As per my own personal foraging, one of my all-time favorite wild greens, lamb’s quarters, is ready for the picking on a pile of “composted” cow manure I got from a nearby dairy. The stuff looked so good when first delivered, and the farmer told me that he had taken pains to make sure it was fully composted. Well it wasn’t and now it is thick with lamb’s quarters. This couldn't have pleased me more. 

I planted my winter squash on this pile and the lamb’s quarters are at the stage now where they need harvesting because they are crowding out and overshadowing the young squash plants. As soon as it stops raining and things dry out, I plan to tackle this job. There is sufficient lamb’s quarters to allow for lots of fresh eating as well as freezing a quantity for winter.

Next, regarding the perennial wild spinach, Good King Henry that I used in a trial last season, it didn’t produce enough to justify it taking up garden space. So last fall I transplanted the plants to a bed inside my small greenhouse. This was usually reserved for lettuce, but lettuce never did well there.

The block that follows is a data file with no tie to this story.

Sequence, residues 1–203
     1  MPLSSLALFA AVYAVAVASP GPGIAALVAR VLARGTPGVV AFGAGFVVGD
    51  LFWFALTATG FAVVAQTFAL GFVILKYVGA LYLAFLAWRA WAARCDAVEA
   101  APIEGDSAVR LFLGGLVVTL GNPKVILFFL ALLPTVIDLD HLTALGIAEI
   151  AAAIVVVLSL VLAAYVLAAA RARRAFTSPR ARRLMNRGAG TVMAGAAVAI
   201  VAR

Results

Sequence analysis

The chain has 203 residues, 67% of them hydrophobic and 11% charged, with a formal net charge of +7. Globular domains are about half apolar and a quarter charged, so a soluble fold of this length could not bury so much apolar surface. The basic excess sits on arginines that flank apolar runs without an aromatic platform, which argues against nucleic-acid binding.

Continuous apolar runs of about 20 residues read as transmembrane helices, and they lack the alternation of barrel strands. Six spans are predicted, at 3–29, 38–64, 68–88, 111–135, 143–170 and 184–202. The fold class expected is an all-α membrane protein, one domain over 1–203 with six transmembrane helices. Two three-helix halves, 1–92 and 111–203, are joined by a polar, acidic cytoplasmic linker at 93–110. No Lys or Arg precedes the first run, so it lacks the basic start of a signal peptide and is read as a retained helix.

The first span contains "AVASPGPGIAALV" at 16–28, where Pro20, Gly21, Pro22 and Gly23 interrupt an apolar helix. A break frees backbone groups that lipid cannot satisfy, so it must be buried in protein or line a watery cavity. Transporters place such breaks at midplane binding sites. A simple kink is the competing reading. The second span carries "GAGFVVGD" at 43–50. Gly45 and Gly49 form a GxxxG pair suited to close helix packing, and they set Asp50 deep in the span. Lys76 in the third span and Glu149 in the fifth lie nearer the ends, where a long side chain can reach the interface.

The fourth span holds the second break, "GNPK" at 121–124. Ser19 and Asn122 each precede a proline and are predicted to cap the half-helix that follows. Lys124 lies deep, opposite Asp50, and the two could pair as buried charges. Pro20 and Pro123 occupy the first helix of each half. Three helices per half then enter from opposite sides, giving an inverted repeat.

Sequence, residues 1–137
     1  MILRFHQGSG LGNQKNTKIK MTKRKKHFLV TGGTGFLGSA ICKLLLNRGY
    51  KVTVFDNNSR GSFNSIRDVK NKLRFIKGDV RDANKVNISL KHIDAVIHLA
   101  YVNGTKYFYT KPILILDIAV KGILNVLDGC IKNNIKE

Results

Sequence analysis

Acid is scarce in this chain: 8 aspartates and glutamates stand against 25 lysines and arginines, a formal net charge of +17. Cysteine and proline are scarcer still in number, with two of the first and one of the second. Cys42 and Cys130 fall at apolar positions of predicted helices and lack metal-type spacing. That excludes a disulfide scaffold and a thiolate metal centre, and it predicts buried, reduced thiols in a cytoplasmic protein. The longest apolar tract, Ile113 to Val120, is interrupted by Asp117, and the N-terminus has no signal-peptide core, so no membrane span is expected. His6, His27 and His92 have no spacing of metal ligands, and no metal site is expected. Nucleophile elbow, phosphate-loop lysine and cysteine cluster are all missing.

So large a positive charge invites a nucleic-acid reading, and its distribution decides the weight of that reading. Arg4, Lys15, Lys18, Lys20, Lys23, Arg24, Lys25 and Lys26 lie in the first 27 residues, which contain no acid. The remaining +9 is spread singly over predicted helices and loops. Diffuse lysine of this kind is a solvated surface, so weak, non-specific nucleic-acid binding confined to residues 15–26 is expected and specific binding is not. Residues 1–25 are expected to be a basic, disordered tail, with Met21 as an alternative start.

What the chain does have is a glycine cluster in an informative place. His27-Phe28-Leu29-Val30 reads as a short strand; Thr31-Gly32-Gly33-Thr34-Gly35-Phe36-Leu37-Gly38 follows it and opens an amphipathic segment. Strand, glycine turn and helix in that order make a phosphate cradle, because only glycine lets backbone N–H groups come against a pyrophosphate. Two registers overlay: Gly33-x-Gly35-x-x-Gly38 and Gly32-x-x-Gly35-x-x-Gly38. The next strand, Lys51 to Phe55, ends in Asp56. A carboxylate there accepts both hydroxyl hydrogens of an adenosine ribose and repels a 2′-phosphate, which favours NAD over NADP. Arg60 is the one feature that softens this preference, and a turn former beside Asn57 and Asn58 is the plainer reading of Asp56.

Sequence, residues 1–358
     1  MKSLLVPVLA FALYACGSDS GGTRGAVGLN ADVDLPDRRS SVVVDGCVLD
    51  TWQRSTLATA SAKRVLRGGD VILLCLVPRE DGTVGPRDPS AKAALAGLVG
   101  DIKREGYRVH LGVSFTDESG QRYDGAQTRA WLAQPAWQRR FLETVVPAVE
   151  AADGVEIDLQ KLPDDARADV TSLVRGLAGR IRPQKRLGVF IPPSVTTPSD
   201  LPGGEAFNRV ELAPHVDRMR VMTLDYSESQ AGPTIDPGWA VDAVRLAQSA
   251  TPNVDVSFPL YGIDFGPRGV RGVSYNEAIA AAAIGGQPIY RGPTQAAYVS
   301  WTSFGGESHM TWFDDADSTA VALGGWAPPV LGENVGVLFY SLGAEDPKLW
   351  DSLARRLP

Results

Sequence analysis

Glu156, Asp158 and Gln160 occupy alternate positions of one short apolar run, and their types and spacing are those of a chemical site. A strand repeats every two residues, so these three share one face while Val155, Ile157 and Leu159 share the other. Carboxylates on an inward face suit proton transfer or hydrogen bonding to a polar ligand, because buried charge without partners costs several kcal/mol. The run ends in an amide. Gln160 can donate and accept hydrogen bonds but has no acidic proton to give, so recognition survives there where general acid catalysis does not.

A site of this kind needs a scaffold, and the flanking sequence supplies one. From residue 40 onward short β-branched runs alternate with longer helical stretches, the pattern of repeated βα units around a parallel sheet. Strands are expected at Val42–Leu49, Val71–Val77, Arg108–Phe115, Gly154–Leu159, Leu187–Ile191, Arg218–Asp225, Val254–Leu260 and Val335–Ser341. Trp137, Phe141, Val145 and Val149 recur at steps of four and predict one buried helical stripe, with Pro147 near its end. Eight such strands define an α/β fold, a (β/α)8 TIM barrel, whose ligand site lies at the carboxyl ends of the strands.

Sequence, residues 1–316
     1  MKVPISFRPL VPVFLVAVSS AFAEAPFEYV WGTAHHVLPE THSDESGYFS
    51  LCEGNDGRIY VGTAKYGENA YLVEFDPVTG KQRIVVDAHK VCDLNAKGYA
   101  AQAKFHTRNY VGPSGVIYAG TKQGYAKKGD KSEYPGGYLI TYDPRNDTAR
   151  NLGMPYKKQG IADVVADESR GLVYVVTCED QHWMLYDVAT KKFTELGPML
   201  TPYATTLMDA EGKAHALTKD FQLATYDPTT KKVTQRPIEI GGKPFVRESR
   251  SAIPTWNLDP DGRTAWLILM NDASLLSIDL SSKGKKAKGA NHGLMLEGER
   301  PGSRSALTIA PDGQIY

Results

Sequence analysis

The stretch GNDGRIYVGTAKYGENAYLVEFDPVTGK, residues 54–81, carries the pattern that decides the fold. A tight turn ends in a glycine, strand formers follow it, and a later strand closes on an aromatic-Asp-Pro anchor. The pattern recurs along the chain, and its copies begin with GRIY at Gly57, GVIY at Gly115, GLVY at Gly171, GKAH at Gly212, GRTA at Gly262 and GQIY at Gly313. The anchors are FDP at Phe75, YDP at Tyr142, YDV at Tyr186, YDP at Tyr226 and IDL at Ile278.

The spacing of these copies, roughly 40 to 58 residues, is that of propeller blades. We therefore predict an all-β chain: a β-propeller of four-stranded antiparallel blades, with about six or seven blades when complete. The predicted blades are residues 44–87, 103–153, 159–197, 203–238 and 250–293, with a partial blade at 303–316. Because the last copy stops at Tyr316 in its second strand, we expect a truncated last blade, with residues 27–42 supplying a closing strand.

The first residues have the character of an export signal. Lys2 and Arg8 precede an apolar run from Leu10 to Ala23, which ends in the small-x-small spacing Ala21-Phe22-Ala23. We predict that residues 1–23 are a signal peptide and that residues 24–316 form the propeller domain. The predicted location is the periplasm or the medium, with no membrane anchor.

Anyway, this spring it appeared that the Good King Henry plants had perished over the winter. Somehow, though, I thought it prudent to forbear to pull them out right away, so they remained in place until sometime in mid-April. And then I was surprised to see that the crowns had survived and were sending up new growth. I’ve had numerous meals of this delightful wild green and by the looks, there is more to come.

Now a question. Is this abundant and quick growth because the plants were transplanted and like their new home, or might it simply be because the plants are now a year older and thus stronger and more productive? I don’t know, but it doesn’t matter much. Good King Henry has earned a permanent home at my place.